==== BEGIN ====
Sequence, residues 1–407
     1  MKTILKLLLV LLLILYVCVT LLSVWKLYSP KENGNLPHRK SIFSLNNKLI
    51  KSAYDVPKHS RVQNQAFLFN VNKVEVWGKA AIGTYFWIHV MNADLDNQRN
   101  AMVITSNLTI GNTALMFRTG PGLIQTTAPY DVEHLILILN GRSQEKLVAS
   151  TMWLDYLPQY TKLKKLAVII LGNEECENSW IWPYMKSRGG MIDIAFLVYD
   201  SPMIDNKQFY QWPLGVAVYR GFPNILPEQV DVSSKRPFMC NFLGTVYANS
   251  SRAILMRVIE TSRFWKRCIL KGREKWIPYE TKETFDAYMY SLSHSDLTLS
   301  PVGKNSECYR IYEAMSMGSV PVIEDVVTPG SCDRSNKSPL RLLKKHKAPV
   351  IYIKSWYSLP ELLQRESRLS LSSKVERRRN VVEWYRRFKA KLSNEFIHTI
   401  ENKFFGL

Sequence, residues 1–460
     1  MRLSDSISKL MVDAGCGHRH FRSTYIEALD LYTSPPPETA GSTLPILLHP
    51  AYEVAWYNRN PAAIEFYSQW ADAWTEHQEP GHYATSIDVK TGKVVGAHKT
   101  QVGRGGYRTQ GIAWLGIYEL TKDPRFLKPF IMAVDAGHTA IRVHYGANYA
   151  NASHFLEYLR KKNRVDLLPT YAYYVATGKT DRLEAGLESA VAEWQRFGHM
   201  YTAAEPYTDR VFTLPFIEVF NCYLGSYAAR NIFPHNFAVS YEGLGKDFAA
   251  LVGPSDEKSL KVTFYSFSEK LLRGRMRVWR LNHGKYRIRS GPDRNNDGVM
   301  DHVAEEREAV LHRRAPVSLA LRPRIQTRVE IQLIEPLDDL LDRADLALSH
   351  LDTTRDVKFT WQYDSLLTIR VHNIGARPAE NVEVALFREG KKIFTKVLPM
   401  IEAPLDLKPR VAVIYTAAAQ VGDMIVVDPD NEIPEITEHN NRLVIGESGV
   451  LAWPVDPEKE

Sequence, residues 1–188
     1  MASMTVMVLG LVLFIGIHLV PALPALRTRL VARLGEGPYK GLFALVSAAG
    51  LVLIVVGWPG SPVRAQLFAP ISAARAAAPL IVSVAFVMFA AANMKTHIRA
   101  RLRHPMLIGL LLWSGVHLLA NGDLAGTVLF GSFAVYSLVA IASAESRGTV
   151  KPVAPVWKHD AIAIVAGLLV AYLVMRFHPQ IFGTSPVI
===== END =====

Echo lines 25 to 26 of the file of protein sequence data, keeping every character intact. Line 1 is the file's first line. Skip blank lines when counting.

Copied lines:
   101  RLRHPMLIGL LLWSGVHLLA NGDLAGTVLF GSFAVYSLVA IASAESRGTV
   151  KPVAPVWKHD AIAIVAGLLV AYLVMRFHPQ IFGTSPVI